Last week Costco (COST) reported fiscal Q4 results that were essentially in line with expectations, but the stock’s initial response was muted as it was up 42% on the year into the print, and trading at a very rich historical multiple, per WSJ:
Comparable sales, or those from Costco stores open for more than a year as well as online sales, increased 5% in the quarter that ended Sept. 1. Online sales increased 22% in the period.
Profit during the quarter rose to almost $1.10 billion, or $2.47 a share, from $1.04 billion, or $2.36 a share a year earlier. That includes a $123 million charge related to taxes.
Costco said it generated about $47.5 billion in net sales and membership fees in its fiscal fourth quarter, up from $44.41 billion a year earlier.
Shares of COST found support last week at the intersection of the uptrend that has been in place since its December lows and the breakout level to new highs from back in August when the stock went bezerk on the excitement associated with the opening of its first store in China:
The stock has been an absolute rocketship over the last few years, up nearly 100% from its 2017 low, and up 55% from it’s December low:
It is worth noting that this price surge has happened as eps and sales growth have decelerated a bit, with eps growth expected to be high single digits this year and next down from double-digit growth the last couple of years:
While sales are expected to grow 7% a year for the next few years:
So with the stock’s rise far outstripping eps growth, the stock’s P/E multiple is reaching levels never seen before with the current time at 34x, vs Walmart (WMT) at 24x expected f2020 eps growth of 3% and Target (TGT) at 17.5x expected f2020 eps growth of 4%:
This is the sort of stock that if you own it makes sense to keep raising your downside stop. If you are a trader and have not been involved to the upside, but think that sentiment and valuation are rich and a technical break of the recent support near $285 could yield much lower lows. Short-dated options prices in COST are still fairly elevated, despite coming in hard since their report with 30-day at the money implied volatility at 20%, implying low single-digit daily movement:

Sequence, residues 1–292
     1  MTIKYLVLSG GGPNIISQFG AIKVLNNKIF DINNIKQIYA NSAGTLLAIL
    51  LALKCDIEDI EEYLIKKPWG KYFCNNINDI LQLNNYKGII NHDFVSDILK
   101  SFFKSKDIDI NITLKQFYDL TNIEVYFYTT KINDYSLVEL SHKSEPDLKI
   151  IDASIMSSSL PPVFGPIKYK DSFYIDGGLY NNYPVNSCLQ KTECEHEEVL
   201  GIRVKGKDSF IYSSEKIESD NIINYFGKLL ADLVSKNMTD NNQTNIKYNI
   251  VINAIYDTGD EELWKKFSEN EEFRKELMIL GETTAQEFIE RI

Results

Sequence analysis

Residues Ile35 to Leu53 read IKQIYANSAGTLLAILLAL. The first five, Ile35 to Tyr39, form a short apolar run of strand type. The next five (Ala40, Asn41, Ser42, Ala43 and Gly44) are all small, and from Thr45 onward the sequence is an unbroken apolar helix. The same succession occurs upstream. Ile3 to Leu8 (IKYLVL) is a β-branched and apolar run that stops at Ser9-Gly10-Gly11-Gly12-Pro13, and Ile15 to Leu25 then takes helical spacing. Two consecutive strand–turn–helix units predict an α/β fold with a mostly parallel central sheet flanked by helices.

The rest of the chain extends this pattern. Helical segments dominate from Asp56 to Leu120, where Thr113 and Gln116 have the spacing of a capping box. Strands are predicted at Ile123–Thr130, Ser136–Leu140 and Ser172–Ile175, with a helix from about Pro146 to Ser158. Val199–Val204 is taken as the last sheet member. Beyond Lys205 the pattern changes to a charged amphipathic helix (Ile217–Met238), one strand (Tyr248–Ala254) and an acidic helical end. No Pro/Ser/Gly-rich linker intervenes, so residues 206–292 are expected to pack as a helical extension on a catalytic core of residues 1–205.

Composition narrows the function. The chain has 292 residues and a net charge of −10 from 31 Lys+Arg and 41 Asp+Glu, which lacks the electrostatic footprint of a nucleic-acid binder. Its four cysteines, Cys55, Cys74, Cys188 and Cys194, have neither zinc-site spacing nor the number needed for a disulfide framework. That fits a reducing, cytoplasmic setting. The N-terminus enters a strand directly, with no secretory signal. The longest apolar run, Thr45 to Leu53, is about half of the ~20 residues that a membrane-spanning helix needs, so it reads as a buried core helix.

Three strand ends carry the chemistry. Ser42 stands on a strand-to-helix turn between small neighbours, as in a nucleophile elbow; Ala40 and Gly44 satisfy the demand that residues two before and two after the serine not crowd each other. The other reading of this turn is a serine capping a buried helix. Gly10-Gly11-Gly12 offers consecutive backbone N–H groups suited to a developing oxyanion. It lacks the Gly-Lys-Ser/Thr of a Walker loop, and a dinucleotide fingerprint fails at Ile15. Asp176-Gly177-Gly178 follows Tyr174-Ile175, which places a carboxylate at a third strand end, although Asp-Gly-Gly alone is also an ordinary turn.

The next identifiable catalyst for stock’s like COST, in my opinion, has little do with the company itself and that is the weak economic data we have seen of late, weak consumer sentiment, and the looming threat of additional tariffs hitting U.S. consumers on December 15th, the very week that COST will report their next quarterly results.
So what’s the trade?
If I were inclined to make a bearish bet in COST I might look to December (not listed yet) or January and target a break-down below support:
Bearish Trade Idea: COST ($292.75) Buy Jan 285 – 245 put spread for $8
-Buy to open 1 Jan 285 put for $10.25
-Sell to open 1 Jan 245 put at $2.25
Break-even on Jan expiration:
Profits of up to 32 between 277 and 245 with max gain of 32 at 245 or lower
Losses of up to 8 between 277 and 285 with max loss of 8 above 285
Rationale: this trade risks less than 3% of the stock price for a break-even down 5.4% with a max potential gain of 11% of the stock price if down 16% from the current stock price in the next 3 months,